Springtime in Atlanta is best known for three things: perpetual pollen, colorful flora and enjoying our large, wraparound front porches. For health IT marketing and public relations professionals, spring is widely recognized as a season to learn, network and celebrate at the Health IT Marketing Conference (HITMC). Agency Ten22 has sponsored and attended HITMC for six years running. Every year brings new knowledge, additional connections and greater health IT insights.

My personal reveal at this year’s event was hearing the likes—and dislikes—of health IT buyers. Thursday’s customer panel included the perfect blend of CIO, CMIO and MD insights. These panelists collectively shared what works, and what doesn’t work, in health IT marketing. Here are three important takeaways.

Treat Me with Respect

Healthcare executives are busy professionals. Vendors must respect their position, inboxes, intelligence and responsibilities. A single instance of vendor disrespect could lead to decades of buyer dismissal for your company, products and services.

Panelists provided a few excellent examples of how marketing and sales professionals can ruin a company’s reputation in a single blow.

  • Assume I have time to meet with you: Never suggest a time to meet via a cold email, call or voicemail. My schedule is more important than yours—always.
  • Spell my name wrong or in a different font: Mass email messages blasted out to hundreds of prospects are the nemesis of health IT buyers. If you get my name wrong, you land on my junk list.
  • Fail to provide anything of value: If you are going to send me an email, please include something of value. Case studies, white papers, infographics, educational videos and best-practice checklists are all good ideas and will garner my appreciation.
  • Use my personal cell phone for text messages: Only text-message me if we have an established relationship and I’ve given you permission to do so.

Know About Me

All providers are not the same. Before sending a pitch or including a healthcare executive in campaigns, vendors should target their efforts. A solid academic medical center case study will be immediately rejected by rural hospital buyers. Likewise, if your solution works best in medical groups and physician clinics, don’t even try to contact the CMIO of a multi-hospital health system. Here are a few more tips recommended by the HITMC panel:

  • Learn about my personal interests, associations and memberships: Use common experiences as a starting point for the conversation.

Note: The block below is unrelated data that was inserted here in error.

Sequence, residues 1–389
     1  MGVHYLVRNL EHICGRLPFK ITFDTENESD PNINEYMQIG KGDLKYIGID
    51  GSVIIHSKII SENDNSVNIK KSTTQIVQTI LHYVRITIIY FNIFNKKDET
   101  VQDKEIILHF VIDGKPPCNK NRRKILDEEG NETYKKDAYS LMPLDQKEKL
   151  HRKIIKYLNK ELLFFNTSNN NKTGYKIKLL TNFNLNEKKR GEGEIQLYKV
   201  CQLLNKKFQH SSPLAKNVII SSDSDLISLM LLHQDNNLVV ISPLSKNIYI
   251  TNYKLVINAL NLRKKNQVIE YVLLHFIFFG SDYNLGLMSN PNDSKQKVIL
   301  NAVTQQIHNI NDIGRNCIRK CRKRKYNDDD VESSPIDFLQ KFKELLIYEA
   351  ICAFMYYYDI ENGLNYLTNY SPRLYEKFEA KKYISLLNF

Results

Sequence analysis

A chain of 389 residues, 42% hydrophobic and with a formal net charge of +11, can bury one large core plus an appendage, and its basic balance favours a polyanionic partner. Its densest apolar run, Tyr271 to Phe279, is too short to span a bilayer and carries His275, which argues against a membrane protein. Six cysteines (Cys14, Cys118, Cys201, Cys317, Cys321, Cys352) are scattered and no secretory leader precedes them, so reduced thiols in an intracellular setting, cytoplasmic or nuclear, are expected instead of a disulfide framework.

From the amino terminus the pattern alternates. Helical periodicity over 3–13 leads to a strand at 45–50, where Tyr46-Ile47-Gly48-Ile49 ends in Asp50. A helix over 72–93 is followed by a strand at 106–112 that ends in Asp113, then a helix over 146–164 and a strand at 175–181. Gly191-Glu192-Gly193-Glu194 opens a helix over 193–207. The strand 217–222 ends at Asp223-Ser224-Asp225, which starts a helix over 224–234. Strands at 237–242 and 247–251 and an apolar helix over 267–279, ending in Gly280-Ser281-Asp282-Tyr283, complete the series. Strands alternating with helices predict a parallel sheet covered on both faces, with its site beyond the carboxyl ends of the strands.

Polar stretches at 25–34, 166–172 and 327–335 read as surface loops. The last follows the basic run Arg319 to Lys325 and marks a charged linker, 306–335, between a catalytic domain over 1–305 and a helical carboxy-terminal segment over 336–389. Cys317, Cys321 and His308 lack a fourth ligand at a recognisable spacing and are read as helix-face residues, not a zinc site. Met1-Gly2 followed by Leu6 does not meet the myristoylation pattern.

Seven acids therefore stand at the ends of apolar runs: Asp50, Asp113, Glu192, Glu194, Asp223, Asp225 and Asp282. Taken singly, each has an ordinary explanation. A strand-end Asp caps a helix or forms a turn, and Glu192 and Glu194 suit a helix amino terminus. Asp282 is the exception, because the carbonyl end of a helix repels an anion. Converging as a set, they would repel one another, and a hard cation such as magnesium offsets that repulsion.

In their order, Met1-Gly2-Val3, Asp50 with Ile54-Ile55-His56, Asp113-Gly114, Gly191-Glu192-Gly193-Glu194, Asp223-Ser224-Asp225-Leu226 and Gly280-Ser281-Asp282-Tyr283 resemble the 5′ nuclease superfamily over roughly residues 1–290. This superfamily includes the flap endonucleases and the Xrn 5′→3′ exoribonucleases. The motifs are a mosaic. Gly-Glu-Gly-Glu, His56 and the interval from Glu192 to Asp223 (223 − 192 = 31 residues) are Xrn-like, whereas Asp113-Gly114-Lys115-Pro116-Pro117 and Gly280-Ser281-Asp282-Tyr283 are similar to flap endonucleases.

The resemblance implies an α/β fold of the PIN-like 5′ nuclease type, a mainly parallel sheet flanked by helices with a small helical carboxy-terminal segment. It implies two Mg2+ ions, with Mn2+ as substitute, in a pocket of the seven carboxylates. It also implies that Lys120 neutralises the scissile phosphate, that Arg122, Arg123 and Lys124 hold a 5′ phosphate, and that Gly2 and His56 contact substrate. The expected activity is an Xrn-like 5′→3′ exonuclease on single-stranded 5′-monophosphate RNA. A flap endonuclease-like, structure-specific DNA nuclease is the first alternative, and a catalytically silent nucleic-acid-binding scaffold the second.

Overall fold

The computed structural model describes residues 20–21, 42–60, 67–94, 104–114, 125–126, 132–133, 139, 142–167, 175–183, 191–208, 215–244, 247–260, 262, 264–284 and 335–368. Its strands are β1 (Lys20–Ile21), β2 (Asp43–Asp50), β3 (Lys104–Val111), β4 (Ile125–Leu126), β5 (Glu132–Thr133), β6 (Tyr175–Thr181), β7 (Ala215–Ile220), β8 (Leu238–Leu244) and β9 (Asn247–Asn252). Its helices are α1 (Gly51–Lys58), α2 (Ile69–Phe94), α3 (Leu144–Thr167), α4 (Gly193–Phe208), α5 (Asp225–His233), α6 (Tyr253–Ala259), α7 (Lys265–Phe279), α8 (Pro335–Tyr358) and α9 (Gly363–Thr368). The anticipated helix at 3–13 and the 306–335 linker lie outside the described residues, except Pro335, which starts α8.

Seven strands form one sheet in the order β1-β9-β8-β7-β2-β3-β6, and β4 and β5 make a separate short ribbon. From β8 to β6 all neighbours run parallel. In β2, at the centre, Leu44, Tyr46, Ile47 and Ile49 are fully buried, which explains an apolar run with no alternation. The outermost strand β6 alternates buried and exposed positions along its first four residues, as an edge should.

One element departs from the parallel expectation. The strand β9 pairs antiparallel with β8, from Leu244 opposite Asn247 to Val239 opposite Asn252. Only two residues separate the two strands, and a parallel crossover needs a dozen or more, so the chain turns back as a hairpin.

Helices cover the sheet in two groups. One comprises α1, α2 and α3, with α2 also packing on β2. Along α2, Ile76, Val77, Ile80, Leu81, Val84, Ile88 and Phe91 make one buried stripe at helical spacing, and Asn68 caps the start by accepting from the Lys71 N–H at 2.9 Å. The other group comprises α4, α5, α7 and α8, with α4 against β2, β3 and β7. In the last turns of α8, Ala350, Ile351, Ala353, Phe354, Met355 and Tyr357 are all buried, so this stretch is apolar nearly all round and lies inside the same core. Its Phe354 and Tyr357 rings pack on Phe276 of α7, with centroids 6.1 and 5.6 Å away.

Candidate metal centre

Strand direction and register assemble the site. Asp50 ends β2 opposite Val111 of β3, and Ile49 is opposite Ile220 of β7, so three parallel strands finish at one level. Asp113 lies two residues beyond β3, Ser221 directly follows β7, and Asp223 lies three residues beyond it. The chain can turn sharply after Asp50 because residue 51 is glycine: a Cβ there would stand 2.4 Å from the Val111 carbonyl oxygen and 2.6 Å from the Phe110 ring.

• Introduce yourself at events or connect through mutual contacts on LinkedIn: Show up in real life and use personal referrals versus cold email campaigns or telemarketing.
  • Research industry databases to know which solutions I’m looking for: Don’t pitch me on a technology or service that we just implemented.

Show Up in the Industry

Panelists agreed on one very important piece of the health IT marketing and PR puzzle: Thought leadership in the healthcare industry matters. Vendors that share their knowledge and customer success through published media interviews, bylined articles, contributed columns and speaking sessions are more effective in reaching healthcare buyers.

Another important channel for established vendors to engage is KLAS. The HITMC panelists review KLAS research reports when making purchase decisions—especially when considering an established health IT vendor. If your company is a startup, participation in KLAS is less important. Buyers understand it takes a substantial number of customers to participate in KLAS research, something newly formed innovators won’t yet have.

Have Fun on a Budget

The last nugget of wisdom shared by the panel was to make marketing fun. Panelists appreciate a little humor along with information and education from health IT vendors. Marketeers were encouraged to post informal videos on a YouTube channel or use paid LinkedIn promotions. While over-the-top, costly mail campaigns were frowned upon, a fun video shared around the office could be an instant winner in the lead generation game.

Attend HITMC20

My own personal recommendation for health IT marketing and PR professionals is to attend HITMC20. The conference is jam packed with important information to improve your campaigns and appeal to the health IT buyer.

HITMC is like a big Southern front porch—fun, welcoming and relaxing all at the same time. Join the fun by following the HITMC community, joining a twitter chat or receiving the group’s weekly updates.


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